The ministers in charge of vocational education and training (VET) in the EU Member States, candidate countries and EEA countries, the European social partners and the European Commission endorsed on 30 November the ‘Osnabrück declaration on VET as an enabler of recovery and just transitions to digital and green economies’.
The document, which replaces the Riga conclusions of 2015, sets out new policy actions in VET for the period of 2021-25 to complement and operationalise the vision and strategic objectives of the ‘Council recommendation on vocational education and training for sustainable competitiveness, social fairness and resilience’.
In the declaration, the ministers vow to contribute to the post-COVID recovery and to further develop the European education and training area through future-oriented and innovative education and training systems to support the digital and green transitions and improve employability and competitiveness, stimulating economic growth.
They stress that a strong partnership with social partners is vital for achieving the objectives and deliverables set out in the declaration, noting also the value of the support shown by European-level VET providers’ associations and learners’ organisations.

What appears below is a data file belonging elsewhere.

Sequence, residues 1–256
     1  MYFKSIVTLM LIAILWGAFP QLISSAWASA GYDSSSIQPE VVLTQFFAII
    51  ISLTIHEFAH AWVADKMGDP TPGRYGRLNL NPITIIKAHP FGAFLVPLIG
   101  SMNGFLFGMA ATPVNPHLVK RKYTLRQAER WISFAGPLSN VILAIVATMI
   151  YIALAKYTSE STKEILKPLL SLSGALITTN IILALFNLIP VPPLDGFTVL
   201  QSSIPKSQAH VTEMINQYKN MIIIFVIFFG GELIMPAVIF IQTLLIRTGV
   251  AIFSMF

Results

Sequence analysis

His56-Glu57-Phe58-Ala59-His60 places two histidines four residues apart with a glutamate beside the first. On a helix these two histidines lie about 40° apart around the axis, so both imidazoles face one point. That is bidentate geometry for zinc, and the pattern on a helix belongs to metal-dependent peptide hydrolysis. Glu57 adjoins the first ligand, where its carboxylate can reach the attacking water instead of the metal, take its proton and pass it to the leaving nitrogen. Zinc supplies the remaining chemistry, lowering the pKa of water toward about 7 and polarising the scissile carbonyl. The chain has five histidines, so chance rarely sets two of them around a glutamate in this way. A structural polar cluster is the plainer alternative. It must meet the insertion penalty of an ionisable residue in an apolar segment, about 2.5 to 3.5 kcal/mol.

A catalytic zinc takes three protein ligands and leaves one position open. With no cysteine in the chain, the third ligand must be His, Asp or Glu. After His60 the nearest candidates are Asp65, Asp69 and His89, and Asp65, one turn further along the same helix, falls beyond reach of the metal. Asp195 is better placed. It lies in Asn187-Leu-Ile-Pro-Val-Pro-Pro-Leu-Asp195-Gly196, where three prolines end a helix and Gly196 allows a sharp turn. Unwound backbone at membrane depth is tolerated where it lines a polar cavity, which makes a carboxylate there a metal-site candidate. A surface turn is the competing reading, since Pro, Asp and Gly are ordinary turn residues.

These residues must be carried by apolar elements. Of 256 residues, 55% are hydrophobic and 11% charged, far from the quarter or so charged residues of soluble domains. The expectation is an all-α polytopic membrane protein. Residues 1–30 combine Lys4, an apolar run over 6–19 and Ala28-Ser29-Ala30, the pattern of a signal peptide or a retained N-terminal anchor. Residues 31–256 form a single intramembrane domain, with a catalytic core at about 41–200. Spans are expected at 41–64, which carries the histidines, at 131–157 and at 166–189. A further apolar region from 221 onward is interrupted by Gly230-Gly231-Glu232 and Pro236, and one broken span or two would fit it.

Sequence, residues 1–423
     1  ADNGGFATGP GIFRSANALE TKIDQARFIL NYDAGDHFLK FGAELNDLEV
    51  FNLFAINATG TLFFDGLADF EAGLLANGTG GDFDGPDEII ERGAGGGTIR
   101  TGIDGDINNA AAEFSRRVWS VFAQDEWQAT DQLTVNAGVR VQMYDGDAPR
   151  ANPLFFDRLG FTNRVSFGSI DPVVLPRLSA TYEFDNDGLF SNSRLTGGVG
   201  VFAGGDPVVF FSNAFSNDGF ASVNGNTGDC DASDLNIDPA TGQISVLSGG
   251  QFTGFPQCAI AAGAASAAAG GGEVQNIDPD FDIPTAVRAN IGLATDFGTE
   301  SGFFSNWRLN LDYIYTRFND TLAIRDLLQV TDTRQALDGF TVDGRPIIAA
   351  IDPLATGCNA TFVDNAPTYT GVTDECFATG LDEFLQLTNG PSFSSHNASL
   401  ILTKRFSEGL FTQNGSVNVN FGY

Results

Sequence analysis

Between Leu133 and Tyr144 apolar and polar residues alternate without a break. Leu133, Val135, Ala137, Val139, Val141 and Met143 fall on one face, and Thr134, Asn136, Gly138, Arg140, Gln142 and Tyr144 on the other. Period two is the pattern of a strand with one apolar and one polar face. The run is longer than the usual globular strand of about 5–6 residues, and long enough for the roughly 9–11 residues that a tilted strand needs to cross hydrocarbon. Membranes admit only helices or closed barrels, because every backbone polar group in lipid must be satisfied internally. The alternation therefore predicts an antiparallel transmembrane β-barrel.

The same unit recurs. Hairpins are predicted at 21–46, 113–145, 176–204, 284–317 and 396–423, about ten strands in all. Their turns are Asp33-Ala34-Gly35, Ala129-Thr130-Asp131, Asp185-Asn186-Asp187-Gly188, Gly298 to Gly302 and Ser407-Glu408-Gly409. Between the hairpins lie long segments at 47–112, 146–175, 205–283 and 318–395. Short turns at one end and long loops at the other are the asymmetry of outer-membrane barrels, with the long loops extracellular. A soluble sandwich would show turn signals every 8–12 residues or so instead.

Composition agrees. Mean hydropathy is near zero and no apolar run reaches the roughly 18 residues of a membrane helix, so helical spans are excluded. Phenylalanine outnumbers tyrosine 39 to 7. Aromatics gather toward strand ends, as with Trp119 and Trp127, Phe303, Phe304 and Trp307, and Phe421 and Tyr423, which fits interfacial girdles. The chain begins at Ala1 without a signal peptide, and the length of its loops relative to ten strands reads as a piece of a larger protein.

German Federal Minister for Education and Research Anja Karliczek, who chaired the virtual ministerial meeting in the context of the German EU Presidency, said: ‘By adopting the Osnabrück declaration we want to give vocational education and training a fresh boost all over Europe. VET is key to the economic recovery in the EU in the wake of the COVID-19 pandemic.’
She argued that ‘continuing training is the linchpin of innovation; with the declaration we want to support people and provide an excellent framework and conditions for their development.’
Cedefop Executive Director Jürgen Siebel, who was invited to the ceremony, noted: ‘It is a great honour and pleasure to represent Cedefop and participate in today's endorsement ceremony. The Osnabrück declaration puts a focus on continuing VET, a digital and sustainable VET, and on VET as an enabler to shape transitions, rather than being shaped by them.’
Taking into consideration the proposal for a Council recommendation on VET, as well as the updated European skills agenda, the Osnabrück declaration focuses on four main areas:
1. Resilience and excellence through quality, inclusive and flexible VET
2. Establishing a new lifelong learning culture – relevance of continuing VET and digitalisation
3. Sustainability – a green link in VET
4. European education and training area and international dimension of VET.
In support of the successful implementation of the agreed actions, Cedefop and its sister agency ETF are asked to monitor the Osnabrück declaration and report annually to the institutions.